Moon Gospel


(sermon 9/2/18)

Mark 7:1-23

Now when the Pharisees and some of the scribes who had come from Jerusalem gathered around him, they noticed that some of his disciples were eating with defiled hands, that is, without washing them. (For the Pharisees, and all the Jews, do not eat unless they thoroughly wash their hands, thus observing the tradition of the elders; and they do not eat anything from the market unless they wash it; and there are also many other traditions that they observe, the washing of cups, pots, and bronze kettles.) So the Pharisees and the scribes asked him, “Why do your disciples not live according to the tradition of the elders, but eat with defiled hands?” He said to them, “Isaiah prophesied rightly about you hypocrites, as it is written,

‘This people honors me with their lips,
but their hearts are far from me;
in vain do they worship me,
teaching human precepts as doctrines.’

You abandon the commandment of God and hold to human tradition.”

Then he said to them, “You have a fine way of rejecting the commandment of God in order to keep your tradition! For Moses said, ‘Honor your father and your mother’; and, ‘Whoever speaks evil of father or mother must surely die.’ But you say that if anyone tells father or mother, ‘Whatever support you might have had from me is Corban’ (that is, an offering to God)— then you no longer permit doing anything for a father or mother, thus making void the word of God through your tradition that you have handed on. And you do many things like this.”

Then he called the crowd again and said to them, “Listen to me, all of you, and understand: there is nothing outside a person that by going in can defile, but the things that come out are what defile.”

When he had left the crowd and entered the house, his disciples asked him about the parable. He said to them, “Then do you also fail to understand? Do you not see that whatever goes into a person from outside cannot defile, since it enters, not the heart but the stomach, and goes out into the sewer?” (Thus he declared all foods clean.) And he said, “It is what comes out of a person that defiles. For it is from within, from the human heart, that evil intentions come: fornication, theft, murder, adultery, avarice, wickedness, deceit, licentiousness, envy, slander, pride, folly. All these evil things come from within, and they defile a person.”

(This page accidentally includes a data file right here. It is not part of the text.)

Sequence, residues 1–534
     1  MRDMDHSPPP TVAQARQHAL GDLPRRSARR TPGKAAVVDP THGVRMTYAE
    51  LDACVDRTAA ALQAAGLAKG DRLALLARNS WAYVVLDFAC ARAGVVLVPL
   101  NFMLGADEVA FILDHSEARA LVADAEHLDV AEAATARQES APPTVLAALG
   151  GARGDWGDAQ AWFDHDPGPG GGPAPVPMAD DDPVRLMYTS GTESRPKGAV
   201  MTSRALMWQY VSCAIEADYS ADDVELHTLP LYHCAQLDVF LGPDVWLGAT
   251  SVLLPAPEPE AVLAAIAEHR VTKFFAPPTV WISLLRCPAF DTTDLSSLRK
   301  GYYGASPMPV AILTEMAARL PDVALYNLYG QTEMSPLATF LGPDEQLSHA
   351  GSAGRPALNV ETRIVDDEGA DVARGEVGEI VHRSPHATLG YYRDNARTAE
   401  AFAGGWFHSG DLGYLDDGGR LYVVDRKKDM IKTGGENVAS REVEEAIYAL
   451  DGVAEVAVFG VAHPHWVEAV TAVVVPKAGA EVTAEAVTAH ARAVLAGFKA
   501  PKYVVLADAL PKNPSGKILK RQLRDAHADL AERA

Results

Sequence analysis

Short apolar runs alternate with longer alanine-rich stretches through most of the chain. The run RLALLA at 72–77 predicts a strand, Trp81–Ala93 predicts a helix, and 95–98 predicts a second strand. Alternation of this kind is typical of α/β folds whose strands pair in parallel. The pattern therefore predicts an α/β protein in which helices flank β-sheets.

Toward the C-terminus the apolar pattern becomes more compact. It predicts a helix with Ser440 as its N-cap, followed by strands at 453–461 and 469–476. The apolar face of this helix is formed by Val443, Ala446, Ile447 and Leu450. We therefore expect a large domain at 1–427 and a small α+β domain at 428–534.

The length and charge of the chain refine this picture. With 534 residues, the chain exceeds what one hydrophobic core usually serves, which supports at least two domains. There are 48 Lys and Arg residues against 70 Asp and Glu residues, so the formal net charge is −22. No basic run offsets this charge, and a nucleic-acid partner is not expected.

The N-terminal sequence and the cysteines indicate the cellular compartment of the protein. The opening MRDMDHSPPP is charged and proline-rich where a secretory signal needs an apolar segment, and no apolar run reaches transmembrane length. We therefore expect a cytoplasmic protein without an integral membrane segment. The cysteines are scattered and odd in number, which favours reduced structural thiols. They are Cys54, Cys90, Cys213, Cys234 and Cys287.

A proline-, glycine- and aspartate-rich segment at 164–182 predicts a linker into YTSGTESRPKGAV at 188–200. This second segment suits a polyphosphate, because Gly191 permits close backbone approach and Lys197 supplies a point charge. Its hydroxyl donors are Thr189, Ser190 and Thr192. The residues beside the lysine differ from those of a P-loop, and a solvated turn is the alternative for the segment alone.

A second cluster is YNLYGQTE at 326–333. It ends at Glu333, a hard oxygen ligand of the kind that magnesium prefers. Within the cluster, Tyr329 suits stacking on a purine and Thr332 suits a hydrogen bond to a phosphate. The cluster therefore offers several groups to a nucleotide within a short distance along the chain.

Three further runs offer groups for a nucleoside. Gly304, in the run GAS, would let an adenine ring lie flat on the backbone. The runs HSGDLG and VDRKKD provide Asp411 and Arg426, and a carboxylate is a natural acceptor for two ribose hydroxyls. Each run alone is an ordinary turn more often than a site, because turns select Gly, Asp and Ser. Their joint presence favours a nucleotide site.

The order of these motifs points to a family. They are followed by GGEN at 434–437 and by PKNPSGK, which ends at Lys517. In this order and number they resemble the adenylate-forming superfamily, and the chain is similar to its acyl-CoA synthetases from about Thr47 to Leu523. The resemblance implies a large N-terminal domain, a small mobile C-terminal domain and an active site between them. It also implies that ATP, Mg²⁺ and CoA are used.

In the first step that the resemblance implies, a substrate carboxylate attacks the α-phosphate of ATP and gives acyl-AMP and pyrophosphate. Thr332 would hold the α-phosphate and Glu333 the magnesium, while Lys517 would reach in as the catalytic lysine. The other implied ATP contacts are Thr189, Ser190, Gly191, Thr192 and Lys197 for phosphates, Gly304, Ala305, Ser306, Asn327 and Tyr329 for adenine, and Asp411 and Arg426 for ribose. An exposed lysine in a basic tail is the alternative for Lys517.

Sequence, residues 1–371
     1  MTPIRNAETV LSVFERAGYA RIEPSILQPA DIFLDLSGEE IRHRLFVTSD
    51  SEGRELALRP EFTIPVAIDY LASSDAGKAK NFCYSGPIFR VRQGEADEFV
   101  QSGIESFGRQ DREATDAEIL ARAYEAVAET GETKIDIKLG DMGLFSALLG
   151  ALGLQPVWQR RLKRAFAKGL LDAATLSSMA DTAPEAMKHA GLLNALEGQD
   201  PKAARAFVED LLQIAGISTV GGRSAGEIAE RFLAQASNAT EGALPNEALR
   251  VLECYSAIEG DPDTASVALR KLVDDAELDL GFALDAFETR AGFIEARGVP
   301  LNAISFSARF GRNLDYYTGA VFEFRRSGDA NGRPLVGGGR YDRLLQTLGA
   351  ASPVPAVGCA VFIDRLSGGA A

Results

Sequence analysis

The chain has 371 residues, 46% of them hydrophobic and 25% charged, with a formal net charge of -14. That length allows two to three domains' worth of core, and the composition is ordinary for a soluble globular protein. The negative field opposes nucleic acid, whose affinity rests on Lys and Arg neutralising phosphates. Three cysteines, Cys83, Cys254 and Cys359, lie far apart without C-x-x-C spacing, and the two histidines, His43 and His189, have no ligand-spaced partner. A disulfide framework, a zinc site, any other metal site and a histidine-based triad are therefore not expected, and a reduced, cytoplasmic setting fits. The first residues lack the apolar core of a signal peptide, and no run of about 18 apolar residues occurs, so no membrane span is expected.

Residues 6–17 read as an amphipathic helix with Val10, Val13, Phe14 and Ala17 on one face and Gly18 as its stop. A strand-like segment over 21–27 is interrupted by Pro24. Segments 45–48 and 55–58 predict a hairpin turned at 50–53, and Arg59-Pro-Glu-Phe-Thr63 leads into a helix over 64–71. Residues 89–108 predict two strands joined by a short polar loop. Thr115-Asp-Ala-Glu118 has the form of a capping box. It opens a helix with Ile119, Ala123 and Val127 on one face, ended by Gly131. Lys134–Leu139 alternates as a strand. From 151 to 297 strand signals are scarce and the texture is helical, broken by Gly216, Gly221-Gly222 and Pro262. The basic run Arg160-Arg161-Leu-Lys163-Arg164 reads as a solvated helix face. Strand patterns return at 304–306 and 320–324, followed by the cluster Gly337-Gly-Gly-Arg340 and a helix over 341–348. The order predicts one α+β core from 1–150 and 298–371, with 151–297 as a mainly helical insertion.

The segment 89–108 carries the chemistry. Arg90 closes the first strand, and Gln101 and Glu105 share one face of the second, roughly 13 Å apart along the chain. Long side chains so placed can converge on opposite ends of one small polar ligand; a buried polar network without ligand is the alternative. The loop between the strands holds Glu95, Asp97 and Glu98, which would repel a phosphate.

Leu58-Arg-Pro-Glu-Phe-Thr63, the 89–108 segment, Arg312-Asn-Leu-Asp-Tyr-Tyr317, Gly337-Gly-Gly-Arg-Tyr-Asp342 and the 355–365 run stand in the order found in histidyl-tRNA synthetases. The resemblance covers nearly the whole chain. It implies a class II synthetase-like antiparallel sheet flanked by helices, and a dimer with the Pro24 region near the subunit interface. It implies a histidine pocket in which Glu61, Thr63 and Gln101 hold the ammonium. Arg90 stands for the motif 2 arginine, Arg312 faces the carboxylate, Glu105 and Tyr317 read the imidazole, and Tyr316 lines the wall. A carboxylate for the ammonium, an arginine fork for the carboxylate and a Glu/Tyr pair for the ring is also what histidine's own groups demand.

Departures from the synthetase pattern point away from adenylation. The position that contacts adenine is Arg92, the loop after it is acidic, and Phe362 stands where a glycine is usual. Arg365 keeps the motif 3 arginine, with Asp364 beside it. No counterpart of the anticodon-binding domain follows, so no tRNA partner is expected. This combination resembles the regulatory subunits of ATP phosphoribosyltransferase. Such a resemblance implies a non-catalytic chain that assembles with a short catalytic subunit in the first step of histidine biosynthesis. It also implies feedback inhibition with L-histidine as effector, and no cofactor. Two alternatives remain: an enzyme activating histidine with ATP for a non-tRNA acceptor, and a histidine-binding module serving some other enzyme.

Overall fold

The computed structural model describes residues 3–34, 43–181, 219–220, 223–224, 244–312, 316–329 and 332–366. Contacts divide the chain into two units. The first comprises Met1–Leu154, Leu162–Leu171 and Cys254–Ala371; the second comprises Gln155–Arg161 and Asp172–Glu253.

When my daughter Erica was very, very young, the two of us did something almost every evening. Just before her bedtime, I’d sit her in my lap, and I’d read the little cardstock book Goodnight Moon to her. Every night, I’d read those words in the same tone, in the same voice, the same phrasing and emphasis,

“In the great green room, there was a telephone,
and a red balloon,
and a picture of … the cow jumping over the moon…”

And she’d focus with laser-beam intensity at the pictures, as I pointed out each item mentioned,

“… Goodnight comb, and goodnight brush,
goodnight nobody, goodnight mush.
And goodnight to the old lady whispering hush.
Goodnight stars, and goodnight air,
goodnight noises everywhere.”

And every night after reading it, whenever it was possible, I’d scoop her up in my arms, and I’d take her outside, out on the sidewalk in front of the house, sometimes wrapping her in a little blanket if it was a little chilly, and we’d look up at the stars, and the sky, and just take it all in. In fact, the very first word I ever heard her say was on one of those nights, when she looked up in the sky and pointed, and said “Moon!”

It was a ritual that the two of us had. A tradition. A simple thing, really, but it was a way for us to mark the passing of the day into night, and the passing of time, and to share it together in this little way that bonded us together.

That’s what traditions do, at their best. They’re practices that keep us grounded in time and place, and acknowledge the cycles of life, and mark us in some way as a connected community with the others we share the tradition with. It’s the same whether we’re talking about our own individual lives, or our families, or our workplaces, or our favorite sports teams or recreational activities, and it’s certainly true in the church.

Of course, we all know that traditions and rituals can be a double-edged sword. They can be something that helps to instill community, and instill and reinforce something good and important; or they can be something that smothers growth, that makes an exclusive, unhealthy community, that institutionalizes pettiness and triviality, ultimately missing the whole point.

That’s what Jesus is talking about in today’s gospel text. When we first hear it, it almost sounds like Jesus and the disciples are a bunch of slobs who don’t care about basic hygiene and who never wash up before dinner. But that really isn’t what Mark is talking about here. It’s also where things get a little sticky – bear with me here…